My life as a professional photographer started with a great big bowl of luck. I didn't plan to be a professional photographer. It just sort of happened. I lived in Indianapolis at the time and I got a chance to photograph the Indy 500. I got lucky and made a photograph that the wire services picked up, and on my first serious shoot, I was published around the world and made $2000 for one picture. That was pretty serious and astounding money in the early 1970s. I spent the next six years photographing motor sports and realized, hey - I guess I'm a professional photographer.
While thinking about ways that I could potentially help emerging professionals, I thought back to those days and wondered - if I knew what I knew now - what would I do differently. The answer might surprise you.
But before I tell you what I'd do differently, let me reveal the first thing I'd do as promised in the headline. Ready?
Here's the first thing I would do:
I would do the first thing.
Nope, it's not a riddle. It's sage advice from no less than Mark Twain.
"The secret of getting started is breaking your complex overwhelming tasks into small manageable tasks, and then starting on the first one.”
Since there are many tasks associated with becoming a professional at any craft, why not just pick the first thing and knock it off your list? Pick anything. Do anything. More importantly, stop planning, talking, dreaming, thinking, speculating, worrying, procrastinating, wondering, contemplating and just START DOING. Do something. Do anything. Just do it. If you don't know what to do first, start with a marketing plan. It's the most important thing you could do. Think about what you will sell, to who, for how much and using what approach. Start there. Start anywhere, but start.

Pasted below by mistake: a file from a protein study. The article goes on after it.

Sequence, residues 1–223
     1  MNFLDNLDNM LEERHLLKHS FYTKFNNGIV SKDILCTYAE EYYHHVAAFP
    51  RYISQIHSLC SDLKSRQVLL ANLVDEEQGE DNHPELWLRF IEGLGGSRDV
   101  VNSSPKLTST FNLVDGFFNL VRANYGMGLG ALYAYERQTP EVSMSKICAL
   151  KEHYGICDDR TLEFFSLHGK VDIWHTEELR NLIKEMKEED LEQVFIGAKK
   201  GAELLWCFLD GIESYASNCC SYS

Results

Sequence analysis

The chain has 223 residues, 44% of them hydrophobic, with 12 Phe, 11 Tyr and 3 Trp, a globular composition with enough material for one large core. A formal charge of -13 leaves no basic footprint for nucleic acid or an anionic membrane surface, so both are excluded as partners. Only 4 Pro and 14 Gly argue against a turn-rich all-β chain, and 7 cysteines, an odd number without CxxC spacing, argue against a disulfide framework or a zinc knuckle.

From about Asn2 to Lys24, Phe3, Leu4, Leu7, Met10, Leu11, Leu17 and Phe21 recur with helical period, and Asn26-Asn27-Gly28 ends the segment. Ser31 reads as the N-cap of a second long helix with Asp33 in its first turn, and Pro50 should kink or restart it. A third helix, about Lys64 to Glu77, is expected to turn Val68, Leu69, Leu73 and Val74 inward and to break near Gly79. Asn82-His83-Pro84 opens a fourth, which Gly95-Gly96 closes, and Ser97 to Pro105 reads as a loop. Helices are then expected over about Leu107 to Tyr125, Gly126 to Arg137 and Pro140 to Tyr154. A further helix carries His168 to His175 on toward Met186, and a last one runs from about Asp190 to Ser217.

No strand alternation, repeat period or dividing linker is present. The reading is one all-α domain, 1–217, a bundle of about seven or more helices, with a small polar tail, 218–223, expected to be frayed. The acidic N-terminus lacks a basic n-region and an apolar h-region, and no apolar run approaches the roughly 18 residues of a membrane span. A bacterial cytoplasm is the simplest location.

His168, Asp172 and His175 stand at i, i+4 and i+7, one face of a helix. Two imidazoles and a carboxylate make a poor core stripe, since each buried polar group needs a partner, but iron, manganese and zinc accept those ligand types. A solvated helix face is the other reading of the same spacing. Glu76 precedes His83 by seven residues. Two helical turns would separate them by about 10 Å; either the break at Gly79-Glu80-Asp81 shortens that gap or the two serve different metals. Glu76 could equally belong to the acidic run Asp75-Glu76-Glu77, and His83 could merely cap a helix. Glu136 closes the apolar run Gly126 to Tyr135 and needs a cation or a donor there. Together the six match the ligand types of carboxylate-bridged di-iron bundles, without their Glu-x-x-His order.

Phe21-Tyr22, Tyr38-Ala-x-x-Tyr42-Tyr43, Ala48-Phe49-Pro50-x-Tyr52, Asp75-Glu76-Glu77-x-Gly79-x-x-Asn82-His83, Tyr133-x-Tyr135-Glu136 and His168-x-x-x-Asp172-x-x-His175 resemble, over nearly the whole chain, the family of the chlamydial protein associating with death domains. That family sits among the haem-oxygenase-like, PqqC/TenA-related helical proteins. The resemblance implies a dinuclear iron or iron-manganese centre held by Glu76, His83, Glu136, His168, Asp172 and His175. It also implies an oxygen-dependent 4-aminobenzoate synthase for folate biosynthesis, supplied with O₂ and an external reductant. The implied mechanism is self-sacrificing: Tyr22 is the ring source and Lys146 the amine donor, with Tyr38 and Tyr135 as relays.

So many of the people I meet, who want to break into the photography business, are far too wrapped up in the mental side of things. They need to get up off the couch and just go for it.
As for me and what I'd do differently?
I wouldn't change a thing - and here's why.
I was too stupid to know I could fail. I was too stupid to even realize that failure was even an option. I was just a boy who had a camera and thought it would be fun to make photographs of race cars and all the trimmings that went with them. I didn't have any master plan. I ended up after that first big sale living in the back of mechanic's vans and car haulers, traveling the world - following the race cars and drivers with my camera. I ended up eating with the pit crews, track stewards and occasionally even the drivers, as I scratched out a living making $52.50 a week - after taxes mind you. I did that for six years and looking back at it now - well it looks like it was a bunch of hard work for very little pay. But I don't remember it as being hard. Back then I thought I was the luckiest kid in the world. Heck I'm still lucky. :)
While I didn't have this in my back pocket then, I do now. It's a quote from an inspiring book by Julia Cameron - The Artist's Way:
"Leap, and the net will appear."
I just jumped into professional photography. I took the leap, and everything worked out because I had the passion, the desire, the patience, the drive, the will and the persistence to succeed.
It's easy to find excuses. Telling yourself you'll probably fail is the lazy person's out. It's harder to actually get out of bed and do SOMETHING. Don't make excuses. Don't plan for failure. Just get busy doing that first thing on your list. Then do the next thing. Then do the next thing. Before you know it, you'll be like me.
Four decades will have passed and people will still be paying you to put a camera in your hand. It's an amazing, thrilling and rewarding career. No matter how much money you get paid. Your experiences - my experiences along the way - the lives we touch - those are priceless.
Now,stop reading this and get busy. Leave a comment if you like telling all of us what that first thing is for you personally - keep it to one sentence. Remember baby steps. You can do it. Skip and I are rooting for you.
Illustration/Photo Credit: © Stuart Miles - Fotolia.com